InfraGard brings together employees from 350 companies listed in the classification Forbes the 500 largest U.S. companies. It reproduces the model piloted in Cleveland in 1996, when the private sector of the city cooperated with the FBI to investigate cyber threats. “At the time, the FBI cloned the experience,” says Phyllis Schneck, chairman of the Office of the National Alliance of InfraGard members and principal architect of the growth of InfraGard over recent years .
Robert Mueller, FBI Director , Gave a speech at an InfraGard convention, August 9, 2005: “There are currently more than 11,000 members of InfraGard … from our perspective, it is 11,000 contacts, 11,000 partners involved … our mission is to protect the USA. ” He added: “The private sector employees are the first line of defense.”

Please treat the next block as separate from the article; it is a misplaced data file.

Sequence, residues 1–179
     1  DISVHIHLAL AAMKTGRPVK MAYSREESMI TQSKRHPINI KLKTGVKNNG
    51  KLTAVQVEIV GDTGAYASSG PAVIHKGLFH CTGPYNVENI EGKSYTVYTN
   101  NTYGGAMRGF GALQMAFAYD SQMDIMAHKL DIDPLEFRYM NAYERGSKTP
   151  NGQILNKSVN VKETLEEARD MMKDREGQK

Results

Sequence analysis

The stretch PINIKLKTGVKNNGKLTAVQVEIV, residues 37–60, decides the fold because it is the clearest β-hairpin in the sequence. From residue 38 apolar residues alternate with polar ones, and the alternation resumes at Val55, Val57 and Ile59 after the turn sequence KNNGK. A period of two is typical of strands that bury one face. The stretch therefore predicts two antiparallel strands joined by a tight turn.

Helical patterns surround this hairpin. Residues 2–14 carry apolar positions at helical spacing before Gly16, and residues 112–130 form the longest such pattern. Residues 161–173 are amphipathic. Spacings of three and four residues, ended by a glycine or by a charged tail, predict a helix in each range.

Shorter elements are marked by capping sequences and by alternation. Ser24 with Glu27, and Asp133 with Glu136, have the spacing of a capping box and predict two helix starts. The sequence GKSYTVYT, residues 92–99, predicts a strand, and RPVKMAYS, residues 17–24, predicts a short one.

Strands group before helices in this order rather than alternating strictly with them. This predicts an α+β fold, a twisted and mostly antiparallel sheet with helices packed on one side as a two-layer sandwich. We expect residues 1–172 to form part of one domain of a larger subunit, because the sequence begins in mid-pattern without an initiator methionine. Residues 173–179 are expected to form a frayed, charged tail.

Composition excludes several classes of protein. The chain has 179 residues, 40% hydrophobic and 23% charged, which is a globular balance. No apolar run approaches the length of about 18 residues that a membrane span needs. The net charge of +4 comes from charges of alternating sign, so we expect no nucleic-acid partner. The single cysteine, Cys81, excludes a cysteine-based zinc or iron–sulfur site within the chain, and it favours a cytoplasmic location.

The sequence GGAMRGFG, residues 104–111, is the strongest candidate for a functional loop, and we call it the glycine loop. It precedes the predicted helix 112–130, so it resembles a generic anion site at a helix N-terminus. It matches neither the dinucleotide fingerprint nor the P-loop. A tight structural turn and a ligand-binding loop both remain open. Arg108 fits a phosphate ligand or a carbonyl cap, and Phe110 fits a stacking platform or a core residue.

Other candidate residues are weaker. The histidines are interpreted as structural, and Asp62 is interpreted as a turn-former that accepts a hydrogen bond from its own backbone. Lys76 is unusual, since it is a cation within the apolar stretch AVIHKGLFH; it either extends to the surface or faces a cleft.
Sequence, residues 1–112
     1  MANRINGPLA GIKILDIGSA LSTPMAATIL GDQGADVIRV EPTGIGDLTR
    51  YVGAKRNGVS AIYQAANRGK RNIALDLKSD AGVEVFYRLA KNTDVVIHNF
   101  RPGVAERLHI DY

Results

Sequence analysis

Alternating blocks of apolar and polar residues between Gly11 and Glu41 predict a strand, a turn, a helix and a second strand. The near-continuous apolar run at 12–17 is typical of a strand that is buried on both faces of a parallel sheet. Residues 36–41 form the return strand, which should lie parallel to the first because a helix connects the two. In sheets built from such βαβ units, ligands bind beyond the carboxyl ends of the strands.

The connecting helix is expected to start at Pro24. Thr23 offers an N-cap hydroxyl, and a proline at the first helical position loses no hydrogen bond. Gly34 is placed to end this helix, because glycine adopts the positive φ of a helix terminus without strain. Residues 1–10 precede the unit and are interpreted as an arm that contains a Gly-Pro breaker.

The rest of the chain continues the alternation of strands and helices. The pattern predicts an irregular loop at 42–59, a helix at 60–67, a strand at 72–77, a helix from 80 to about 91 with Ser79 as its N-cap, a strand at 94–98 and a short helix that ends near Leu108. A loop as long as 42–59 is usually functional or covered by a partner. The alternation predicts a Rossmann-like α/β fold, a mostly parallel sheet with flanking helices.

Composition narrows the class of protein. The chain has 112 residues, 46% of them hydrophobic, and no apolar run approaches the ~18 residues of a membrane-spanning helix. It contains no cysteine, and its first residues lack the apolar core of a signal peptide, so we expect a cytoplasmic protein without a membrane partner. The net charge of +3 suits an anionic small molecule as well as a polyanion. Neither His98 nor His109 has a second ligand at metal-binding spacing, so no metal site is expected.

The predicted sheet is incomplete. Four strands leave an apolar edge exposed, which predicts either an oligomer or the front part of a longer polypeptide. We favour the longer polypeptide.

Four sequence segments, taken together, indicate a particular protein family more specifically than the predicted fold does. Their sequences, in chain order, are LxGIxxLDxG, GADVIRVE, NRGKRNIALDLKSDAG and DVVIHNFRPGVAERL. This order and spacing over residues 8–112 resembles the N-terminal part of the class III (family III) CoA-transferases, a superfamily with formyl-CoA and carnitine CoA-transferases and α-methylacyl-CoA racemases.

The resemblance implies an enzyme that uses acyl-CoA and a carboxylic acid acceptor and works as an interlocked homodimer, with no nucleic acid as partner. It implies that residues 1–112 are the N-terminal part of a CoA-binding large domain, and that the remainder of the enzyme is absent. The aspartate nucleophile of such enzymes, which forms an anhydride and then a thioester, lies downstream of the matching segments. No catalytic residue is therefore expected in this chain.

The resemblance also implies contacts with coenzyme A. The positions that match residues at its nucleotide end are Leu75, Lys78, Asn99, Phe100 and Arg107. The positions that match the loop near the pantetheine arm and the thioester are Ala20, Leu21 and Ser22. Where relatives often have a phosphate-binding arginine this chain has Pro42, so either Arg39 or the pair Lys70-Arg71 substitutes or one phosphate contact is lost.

On May 9, 2007, George W. Bush signed National Security Presidential Directive No. 51. It expanded the powers of the Secretary of Homeland Security to coordinate its activities with the “private sector owners and companies with vital infrastructure, as necessary to maintain essential services in a situation emergency.
“They are closely related to our preparation,” said Amy Kudwa, spokesperson for the secretariat to the Homeland Security. “We provide trainers and organize joint presentations [with the FBI]. In addition, we train with them, and they participated (often hundreds at a time) to exercise national preparedness. ”
According to several members interviewed, being a member of InfraGard means being allowed to “shoot to kill” under martial law, without incurring any legal proceedings.